New research into the effects of exercise in the management of Parkinson's disease suggests that regular high-intensity physical activity may help to keep disease progression in check.
Parkinson's disease is a neurodegenerative motor system disorder characterized by uncontrolled tremor in various body parts, especially the arms and legs, as well as poor balance and coordination of movements.
In the United States, around 1 million people live with Parkinson's disease and approximately 60,000 new cases are diagnosed every year, according to data from the U.S. National Library of Medicine of the National Institutes of Health (NIH).
A phase II clinical trial, called the Study in Parkinson Disease of Exercise (SPARX), was recently conducted by researchers from Northwestern University Feinberg School of Medicine in Chicago, IL, and the University of Colorado in Denver.
Their findings suggest that high-intensity physical exercise is beneficial for people with early stage Parkinson's disease, as it may delay the progression of symptoms related to motor abilities.
"If you have Parkinson's disease and you want to delay the progression of your symptoms, you should exercise three times a week with your heart rate between 80 to 85 percent maximum. It is that simple."
Study author Daniel Corcos, Northwestern University Feinberg School of Medicine
The results of this study have now been published in JAMA Neurology.
Early intervention may delay symptoms
The authors cite previous research that showed that medication used to treat Parkinson's tends to be less effective over time, and that it exposes people to adverse effects. For this reason, they say, it is important to identify effective alternative treatments that do not involve the administration of drugs.
In phase II of the current randomized clinical trial, Corcos and his team worked with 128 participants aged between 40 and 80. The participants were recruited through various institutions and medical centers across three states (Colorado, Illinois, and Pennsylvania).
The institutions included Northwestern University in Chicago, IL, Rush University Medical Center in Chicago, IL, the University of Colorado in Denver, and the University of Pittsburgh in Pennsylvania.
All participants were still at an early stage of Parkinson's and were not taking any drugs targeting symptoms of this disease when the study was conducted.
"The earlier in the disease you intervene, the more likely it is you can prevent the progression of the disease," Corcos suggests.
The trial compared the effects of moderate- and high-intensity exercise. More specifically, it studied the effects of a physical activity routine on the progression of disease symptoms. The researchers also examined how safe exercising was in early stage Parkinson's.
The study participants were asked to exercise three times every week for a period of 6 months at either moderate (characterized by 60–65 percent maximum heart rate), or high intensity (defined as 80–85 percent maximum heart rate). All the participants exercised on a treadmill.
For consistency, the scientists also referred to a control group that did not engage in physical exercise.
After the program, all participants were rated on a relevant scale from 0 to 108, measuring the severity of their symptoms. Higher scores indicated more acute manifestations of the disease.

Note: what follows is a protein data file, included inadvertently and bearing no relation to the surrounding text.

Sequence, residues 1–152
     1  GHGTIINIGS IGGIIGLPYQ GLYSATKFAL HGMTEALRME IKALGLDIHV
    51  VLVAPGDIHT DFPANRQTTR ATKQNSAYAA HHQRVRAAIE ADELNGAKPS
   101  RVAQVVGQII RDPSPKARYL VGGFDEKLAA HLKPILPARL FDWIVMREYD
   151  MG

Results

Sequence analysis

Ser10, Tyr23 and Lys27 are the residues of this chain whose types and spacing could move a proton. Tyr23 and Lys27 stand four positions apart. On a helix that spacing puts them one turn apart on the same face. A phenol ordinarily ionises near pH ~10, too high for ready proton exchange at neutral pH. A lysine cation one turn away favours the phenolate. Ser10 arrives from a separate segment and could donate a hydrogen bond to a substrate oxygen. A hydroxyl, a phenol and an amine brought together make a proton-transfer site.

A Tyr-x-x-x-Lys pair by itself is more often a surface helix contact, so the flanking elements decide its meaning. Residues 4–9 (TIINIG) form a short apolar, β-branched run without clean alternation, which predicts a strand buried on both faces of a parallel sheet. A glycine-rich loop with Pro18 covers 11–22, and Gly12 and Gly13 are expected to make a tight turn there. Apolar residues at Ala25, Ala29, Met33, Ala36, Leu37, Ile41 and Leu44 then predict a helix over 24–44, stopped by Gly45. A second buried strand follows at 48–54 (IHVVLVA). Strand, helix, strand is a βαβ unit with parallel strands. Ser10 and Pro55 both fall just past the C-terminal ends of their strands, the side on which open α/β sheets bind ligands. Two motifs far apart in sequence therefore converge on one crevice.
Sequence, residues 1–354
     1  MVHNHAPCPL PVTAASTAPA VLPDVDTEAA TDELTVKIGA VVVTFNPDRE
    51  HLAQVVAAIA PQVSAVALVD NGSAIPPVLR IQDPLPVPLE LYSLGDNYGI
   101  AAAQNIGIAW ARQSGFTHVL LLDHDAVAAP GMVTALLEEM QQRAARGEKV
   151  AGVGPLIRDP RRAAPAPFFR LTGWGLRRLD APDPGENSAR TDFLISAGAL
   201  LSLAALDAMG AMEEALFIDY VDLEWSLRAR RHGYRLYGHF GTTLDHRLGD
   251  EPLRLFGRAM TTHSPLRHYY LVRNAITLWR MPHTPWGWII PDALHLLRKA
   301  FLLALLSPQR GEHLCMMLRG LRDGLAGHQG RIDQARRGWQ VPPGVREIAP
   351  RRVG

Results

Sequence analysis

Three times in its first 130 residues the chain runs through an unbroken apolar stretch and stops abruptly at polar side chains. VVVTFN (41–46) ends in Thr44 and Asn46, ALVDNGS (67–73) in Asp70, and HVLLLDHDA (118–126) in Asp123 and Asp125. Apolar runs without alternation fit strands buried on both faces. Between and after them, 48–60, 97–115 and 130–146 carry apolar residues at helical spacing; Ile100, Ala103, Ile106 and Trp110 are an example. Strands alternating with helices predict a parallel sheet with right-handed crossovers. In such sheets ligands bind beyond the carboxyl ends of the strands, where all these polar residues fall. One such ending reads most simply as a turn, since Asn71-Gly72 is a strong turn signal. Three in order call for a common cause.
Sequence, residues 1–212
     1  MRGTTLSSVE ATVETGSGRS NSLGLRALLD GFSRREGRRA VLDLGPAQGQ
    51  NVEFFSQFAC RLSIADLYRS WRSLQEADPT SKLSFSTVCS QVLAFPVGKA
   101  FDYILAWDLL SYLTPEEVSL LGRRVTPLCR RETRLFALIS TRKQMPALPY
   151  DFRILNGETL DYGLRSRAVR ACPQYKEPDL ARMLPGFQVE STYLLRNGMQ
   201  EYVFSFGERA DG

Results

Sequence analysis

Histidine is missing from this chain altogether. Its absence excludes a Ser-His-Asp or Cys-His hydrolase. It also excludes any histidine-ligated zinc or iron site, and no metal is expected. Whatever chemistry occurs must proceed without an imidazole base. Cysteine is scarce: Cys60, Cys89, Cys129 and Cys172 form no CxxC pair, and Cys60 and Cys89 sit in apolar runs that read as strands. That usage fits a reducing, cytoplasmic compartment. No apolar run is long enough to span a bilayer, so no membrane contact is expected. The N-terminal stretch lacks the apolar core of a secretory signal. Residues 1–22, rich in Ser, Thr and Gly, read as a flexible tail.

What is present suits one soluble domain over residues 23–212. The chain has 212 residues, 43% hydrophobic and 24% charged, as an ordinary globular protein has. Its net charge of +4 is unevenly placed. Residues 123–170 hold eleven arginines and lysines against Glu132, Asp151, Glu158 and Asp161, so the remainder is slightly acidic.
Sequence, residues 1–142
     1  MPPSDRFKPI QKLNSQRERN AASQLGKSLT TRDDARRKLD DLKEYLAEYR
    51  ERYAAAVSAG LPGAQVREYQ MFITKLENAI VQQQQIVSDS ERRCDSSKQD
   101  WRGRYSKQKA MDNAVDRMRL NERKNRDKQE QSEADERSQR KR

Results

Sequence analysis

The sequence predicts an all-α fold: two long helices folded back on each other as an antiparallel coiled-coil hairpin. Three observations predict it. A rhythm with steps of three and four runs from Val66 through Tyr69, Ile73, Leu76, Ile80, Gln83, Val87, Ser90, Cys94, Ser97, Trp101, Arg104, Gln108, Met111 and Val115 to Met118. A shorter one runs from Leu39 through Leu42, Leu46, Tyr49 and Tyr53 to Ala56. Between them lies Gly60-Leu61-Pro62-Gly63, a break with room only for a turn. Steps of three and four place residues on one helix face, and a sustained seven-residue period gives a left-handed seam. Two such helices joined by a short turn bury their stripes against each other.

High-intensity exercise most effective
Before the start of the trial, everyone had measured a score of approximately 20. However, results differed following the 6-month period, and the differences were dictated by the intensity of the participants' workouts.
While participants engaging in high-intensity exercise continued to score around 20 on the symptom severity scale, those who had engaged in moderate-intensity exercise exhibited worsened symptoms and scored 1.5 points higher.
Meanwhile, those who did not exercise at all scored three points higher, indicating an even more acute worsening of symptoms.
According to the researchers, the three-point difference suggests a significant disparity when it comes to quality of life. Since high-intensity exercise seemed to keep the development of motor symptoms in check, physical activity warrants further research as a potential treatment for Parkinson's disease.
"We delayed worsening of symptoms for 6 months; whether we can prevent progression any longer than 6 months will require further study," says Corcos.
The safety of high-intensity exercise was also confirmed through graded exercises supervised by cardiologists, monitoring how straining the regime would be for the participants' hearts.
'Exercise is medicine'
The researchers acknowledge that their study had some limitations — particularly the fact that the only type of exercise that was studied was treadmill training. This meant that the potential benefits of other types of exercise remain unknown.
However, they point out that the high number of participants as well as the long period of time over which they were observed strengthen the validity of the results. Corcos explains that most studies targeting Parkinson's have fewer participants and do not exceed 12 weeks.
"We gave them [the participants] a proper workout. This is not mild stretching," he says. "This is high intensity. It's part of the idea that exercise is medicine."
Existing studies had already noted that exercise was beneficial for people with Parkinson's disease, but this was the first time that the effects of different intensities had been targeted by research.
"Several lines of evidence point to a beneficial effect of exercise in Parkinson's disease," comments Dr. Codrin Lungu, program director at the National Institute of Neurological Disorders and Stroke.
"Nevertheless," he continues, "it's not clear which kind of exercise is most effective. The SPARX trial tries to rigorously address this issue. The results are interesting and warrant further exploration of the optimal exercise regimes for Parkinson's."